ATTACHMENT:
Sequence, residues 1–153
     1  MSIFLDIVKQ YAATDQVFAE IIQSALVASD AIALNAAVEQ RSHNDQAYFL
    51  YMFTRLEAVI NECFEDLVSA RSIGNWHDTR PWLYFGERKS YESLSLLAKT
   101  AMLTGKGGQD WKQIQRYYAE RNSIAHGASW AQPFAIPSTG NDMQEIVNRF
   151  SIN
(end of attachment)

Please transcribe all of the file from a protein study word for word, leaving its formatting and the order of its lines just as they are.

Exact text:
Sequence, residues 1–153
     1  MSIFLDIVKQ YAATDQVFAE IIQSALVASD AIALNAAVEQ RSHNDQAYFL
    51  YMFTRLEAVI NECFEDLVSA RSIGNWHDTR PWLYFGERKS YESLSLLAKT
   101  AMLTGKGGQD WKQIQRYYAE RNSIAHGASW AQPFAIPSTG NDMQEIVNRF
   151  SIN